Ed Wilson: On translating VBScript to Windows PowerShell

One of the things that I often discuss with people who write VBScript code is the process of translating VBScript code to Windows PowerShell code. In fact, several years ago, I was approached about writing a utility that would automate the process. I thought about it long and hard, and in the end decided to forgo developing such a tool.

In my Windows PowerShell Step by Step book, which was published by Microsoft Press, I have an appendix that is called the VBScript to Windows PowerShell conversion guide (there is a similar document on the TechNet Script Center). The conversion guide is useful from a getting started perspective, but should not be taken as best practice, or even as authoritative.

I even wrote a series of Hey Scripting Guy! articles that talk about converting VBScript to Windows PowerShell (one such example is here).  But in all actuality, I have translated less than 1% of the more than 10,000 VBScripts I have written in my lifetime.

There are several reasons for not translating VBScript to Windows PowerShell:

  1. Waste of time. If the VBScript works, leave it alone.

  2. Better way of doing things. Many VBScripts wrestled with things such as opening files, retrieving property values of objects and writing output to the console. These types of tasks are nearly automatic in Windows PowerShell.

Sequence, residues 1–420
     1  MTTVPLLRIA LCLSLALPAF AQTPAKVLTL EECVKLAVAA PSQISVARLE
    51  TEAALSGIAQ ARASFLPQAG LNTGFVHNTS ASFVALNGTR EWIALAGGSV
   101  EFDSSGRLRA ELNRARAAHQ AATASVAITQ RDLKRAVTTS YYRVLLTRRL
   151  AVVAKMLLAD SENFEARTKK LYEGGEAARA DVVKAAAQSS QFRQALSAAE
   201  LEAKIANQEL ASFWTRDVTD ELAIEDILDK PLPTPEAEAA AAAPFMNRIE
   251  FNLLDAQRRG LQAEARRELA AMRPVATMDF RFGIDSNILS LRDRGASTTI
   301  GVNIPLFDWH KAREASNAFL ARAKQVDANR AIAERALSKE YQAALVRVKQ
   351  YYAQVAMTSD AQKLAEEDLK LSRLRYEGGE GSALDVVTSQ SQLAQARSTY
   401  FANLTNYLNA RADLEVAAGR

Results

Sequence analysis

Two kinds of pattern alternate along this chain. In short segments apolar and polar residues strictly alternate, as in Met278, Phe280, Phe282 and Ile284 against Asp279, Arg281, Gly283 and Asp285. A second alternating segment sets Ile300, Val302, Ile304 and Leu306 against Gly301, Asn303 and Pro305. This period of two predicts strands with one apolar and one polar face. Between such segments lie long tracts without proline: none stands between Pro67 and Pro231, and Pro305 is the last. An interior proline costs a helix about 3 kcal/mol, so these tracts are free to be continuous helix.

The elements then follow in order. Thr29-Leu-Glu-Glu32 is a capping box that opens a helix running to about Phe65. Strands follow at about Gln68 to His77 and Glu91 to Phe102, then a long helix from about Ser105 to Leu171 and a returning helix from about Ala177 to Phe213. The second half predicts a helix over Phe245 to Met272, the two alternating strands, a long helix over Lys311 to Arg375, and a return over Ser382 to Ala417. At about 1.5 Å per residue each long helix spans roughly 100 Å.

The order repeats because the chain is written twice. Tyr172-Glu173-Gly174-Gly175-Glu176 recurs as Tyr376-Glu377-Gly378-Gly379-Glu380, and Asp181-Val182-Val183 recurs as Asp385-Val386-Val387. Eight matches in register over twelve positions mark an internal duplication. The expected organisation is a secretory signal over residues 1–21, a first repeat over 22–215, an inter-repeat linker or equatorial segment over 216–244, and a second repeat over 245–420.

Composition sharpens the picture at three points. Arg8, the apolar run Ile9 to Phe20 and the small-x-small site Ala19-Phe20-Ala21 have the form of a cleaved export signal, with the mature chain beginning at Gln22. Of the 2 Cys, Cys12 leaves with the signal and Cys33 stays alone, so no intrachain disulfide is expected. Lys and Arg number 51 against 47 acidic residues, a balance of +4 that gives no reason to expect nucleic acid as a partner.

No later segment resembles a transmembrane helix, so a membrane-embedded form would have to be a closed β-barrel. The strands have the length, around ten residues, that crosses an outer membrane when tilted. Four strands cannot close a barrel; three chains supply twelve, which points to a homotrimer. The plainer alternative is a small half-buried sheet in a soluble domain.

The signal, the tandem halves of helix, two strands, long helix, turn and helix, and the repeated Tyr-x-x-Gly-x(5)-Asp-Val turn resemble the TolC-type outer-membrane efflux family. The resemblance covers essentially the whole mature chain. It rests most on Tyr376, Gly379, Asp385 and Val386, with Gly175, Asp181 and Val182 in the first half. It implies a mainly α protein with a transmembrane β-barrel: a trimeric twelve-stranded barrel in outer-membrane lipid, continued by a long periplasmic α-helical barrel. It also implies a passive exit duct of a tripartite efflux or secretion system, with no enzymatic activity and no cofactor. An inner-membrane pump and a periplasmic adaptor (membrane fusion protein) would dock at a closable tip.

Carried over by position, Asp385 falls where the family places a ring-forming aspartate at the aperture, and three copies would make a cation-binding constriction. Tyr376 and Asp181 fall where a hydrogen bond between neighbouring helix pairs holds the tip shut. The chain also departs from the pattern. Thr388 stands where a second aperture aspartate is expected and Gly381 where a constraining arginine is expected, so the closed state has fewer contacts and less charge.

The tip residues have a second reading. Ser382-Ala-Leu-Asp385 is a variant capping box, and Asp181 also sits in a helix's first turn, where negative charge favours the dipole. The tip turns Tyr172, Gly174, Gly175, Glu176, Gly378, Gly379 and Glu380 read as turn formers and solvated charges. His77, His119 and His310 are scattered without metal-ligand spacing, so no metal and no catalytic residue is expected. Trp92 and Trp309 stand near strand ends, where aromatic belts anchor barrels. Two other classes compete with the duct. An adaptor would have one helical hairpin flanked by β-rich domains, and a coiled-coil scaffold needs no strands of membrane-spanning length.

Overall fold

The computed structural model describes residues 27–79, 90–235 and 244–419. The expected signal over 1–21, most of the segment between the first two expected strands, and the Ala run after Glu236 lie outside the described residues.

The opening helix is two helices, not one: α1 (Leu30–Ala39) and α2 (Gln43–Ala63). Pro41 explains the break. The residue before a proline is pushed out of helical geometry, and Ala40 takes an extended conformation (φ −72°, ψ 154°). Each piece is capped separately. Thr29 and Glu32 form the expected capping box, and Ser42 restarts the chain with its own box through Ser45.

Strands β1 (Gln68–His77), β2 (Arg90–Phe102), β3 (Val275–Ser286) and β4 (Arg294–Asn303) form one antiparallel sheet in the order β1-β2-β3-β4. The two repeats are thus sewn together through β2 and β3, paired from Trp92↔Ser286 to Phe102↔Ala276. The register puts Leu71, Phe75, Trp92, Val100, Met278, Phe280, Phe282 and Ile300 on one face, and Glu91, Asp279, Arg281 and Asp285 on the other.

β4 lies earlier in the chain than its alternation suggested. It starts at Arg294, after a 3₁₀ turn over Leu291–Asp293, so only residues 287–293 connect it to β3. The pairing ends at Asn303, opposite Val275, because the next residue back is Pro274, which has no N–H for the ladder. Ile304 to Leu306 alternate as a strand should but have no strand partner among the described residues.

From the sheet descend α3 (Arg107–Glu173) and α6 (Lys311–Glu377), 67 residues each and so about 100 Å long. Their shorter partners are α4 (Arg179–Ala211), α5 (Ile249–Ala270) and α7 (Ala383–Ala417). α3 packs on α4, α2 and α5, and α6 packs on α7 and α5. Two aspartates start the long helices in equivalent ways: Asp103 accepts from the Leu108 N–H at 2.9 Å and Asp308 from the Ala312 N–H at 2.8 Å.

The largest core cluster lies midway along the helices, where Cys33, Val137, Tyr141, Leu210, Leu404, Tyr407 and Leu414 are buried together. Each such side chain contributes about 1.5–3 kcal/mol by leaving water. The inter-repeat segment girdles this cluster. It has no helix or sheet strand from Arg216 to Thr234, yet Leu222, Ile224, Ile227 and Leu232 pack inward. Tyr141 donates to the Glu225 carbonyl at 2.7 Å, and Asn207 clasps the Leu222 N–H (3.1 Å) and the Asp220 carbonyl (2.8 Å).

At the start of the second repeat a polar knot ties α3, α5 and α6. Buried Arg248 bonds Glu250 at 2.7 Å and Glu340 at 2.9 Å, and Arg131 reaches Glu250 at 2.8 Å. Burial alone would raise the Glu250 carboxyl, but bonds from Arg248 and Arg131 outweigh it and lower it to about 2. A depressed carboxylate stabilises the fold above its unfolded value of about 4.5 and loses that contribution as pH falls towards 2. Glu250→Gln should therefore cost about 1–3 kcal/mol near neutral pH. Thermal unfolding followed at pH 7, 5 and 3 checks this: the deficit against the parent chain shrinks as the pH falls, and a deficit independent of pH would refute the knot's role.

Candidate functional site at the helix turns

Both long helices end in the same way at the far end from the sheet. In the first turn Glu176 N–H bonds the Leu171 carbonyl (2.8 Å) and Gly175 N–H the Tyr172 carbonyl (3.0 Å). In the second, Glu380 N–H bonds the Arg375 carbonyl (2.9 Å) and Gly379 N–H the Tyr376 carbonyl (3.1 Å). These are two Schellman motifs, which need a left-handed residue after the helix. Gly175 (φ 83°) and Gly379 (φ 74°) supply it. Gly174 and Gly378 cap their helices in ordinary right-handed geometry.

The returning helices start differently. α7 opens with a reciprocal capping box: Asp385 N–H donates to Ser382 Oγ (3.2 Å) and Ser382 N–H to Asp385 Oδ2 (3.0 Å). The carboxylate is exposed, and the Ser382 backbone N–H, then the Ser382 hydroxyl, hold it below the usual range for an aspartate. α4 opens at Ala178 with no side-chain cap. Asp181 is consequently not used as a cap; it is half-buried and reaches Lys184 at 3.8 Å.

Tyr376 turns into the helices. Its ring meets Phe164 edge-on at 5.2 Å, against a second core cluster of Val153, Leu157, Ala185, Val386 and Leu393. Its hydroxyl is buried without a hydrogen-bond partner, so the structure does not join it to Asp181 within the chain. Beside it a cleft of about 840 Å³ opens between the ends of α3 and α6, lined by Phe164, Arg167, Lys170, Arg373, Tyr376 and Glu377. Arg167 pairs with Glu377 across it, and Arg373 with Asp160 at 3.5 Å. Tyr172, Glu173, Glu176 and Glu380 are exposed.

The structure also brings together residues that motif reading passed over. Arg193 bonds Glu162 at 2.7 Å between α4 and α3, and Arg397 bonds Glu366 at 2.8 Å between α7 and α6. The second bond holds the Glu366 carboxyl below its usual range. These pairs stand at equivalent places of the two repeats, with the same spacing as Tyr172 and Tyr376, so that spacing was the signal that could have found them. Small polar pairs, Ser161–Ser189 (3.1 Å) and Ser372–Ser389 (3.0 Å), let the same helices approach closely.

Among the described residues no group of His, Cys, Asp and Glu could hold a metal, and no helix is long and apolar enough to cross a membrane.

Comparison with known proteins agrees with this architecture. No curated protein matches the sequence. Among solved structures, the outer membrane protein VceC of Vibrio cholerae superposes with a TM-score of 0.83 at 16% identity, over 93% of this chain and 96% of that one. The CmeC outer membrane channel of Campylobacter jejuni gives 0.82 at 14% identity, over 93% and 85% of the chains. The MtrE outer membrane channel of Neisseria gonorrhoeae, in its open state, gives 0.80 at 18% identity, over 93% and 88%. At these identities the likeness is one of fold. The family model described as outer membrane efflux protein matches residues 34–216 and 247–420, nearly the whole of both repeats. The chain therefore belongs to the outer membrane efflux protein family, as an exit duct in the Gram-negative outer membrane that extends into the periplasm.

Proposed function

3. There are too many new things to script using Windows PowerShell. Many things that were impossible to do using VBScript are now possible using Windows PowerShell. There is a seemingly endless list of new things to script. I simply do not have time to go back and translate VBScript code.

Reasons to translate VBScript to Windows PowerShell:

  1. You are just learning how to script, and would like to have an example to follow along with.

  2. You have a rather complicated COM based script, such as Word or Excel automation, that will not be significantly different when written in Windows PowerShell.

  3. You are in the process of phasing out VBScript from your network, and you need to quickly migrate your existing scripts.

Probably the biggest reason not to translate from VBScript to Windows PowerShell is because you will want to take advantage of the new features that Windows PowerShell offers. Often the difference between a 50 line VBScript and a Windows PowerShell script can be as many as 49 lines of code. You can save yourself an awful lot of work once you learn how to allow Windows PowerShell to do the work for you.

Comments (1)
  1. tonyr says:

    yea its funny if within powershell I have a admin task to script and its more then one line I feel like I’m doing something wrong!

Comments are closed.

Skip to main content